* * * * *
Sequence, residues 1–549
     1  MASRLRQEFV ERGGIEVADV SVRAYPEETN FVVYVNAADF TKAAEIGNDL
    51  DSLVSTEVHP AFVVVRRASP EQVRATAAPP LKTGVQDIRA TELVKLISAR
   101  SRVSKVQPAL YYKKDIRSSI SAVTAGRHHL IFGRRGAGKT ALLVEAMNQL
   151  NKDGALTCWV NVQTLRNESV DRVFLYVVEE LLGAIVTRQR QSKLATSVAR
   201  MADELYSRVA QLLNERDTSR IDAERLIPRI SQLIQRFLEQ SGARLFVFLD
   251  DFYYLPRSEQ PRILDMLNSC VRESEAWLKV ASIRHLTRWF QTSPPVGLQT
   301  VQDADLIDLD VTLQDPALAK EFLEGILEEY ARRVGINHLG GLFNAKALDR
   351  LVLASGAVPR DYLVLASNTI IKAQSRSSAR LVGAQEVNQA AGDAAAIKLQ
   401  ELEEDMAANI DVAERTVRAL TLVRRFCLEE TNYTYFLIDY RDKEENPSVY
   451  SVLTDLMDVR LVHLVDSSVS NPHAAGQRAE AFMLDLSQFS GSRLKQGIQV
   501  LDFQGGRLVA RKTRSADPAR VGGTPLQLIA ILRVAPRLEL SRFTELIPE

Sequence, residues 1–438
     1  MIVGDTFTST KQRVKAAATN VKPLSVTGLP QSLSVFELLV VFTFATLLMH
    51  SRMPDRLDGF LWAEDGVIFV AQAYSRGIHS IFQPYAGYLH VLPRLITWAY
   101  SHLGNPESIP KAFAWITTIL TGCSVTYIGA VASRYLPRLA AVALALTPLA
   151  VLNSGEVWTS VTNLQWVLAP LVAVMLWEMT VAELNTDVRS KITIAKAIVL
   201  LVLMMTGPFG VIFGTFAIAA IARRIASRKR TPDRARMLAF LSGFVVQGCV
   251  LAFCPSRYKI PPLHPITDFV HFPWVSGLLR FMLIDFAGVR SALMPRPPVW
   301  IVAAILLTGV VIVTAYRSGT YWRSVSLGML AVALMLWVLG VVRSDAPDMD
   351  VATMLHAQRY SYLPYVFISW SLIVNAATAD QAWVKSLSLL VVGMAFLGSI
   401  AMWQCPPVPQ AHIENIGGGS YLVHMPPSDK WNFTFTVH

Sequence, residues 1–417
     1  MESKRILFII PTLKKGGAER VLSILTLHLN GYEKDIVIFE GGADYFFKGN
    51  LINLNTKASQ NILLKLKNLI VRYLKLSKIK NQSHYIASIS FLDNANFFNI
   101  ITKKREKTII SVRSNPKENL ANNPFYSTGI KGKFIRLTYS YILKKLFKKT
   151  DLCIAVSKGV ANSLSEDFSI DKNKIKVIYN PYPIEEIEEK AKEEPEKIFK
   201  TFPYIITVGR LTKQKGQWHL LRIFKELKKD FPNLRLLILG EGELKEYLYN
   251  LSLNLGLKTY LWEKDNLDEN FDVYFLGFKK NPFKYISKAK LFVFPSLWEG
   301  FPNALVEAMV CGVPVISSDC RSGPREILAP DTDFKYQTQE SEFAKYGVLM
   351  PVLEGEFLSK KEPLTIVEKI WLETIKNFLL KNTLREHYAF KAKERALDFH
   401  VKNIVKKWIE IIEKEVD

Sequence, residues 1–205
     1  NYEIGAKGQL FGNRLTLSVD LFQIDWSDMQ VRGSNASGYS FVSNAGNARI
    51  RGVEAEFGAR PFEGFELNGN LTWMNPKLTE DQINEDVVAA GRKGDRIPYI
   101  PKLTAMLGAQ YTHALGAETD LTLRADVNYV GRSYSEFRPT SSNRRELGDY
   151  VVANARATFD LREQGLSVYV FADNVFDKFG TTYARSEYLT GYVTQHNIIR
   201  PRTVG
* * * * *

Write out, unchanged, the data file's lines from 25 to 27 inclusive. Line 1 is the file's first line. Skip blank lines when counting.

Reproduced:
    51  LINLNTKASQ NILLKLKNLI VRYLKLSKIK NQSHYIASIS FLDNANFFNI
   101  ITKKREKTII SVRSNPKENL ANNPFYSTGI KGKFIRLTYS YILKKLFKKT
   151  DLCIAVSKGV ANSLSEDFSI DKNKIKVIYN PYPIEEIEEK AKEEPEKIFK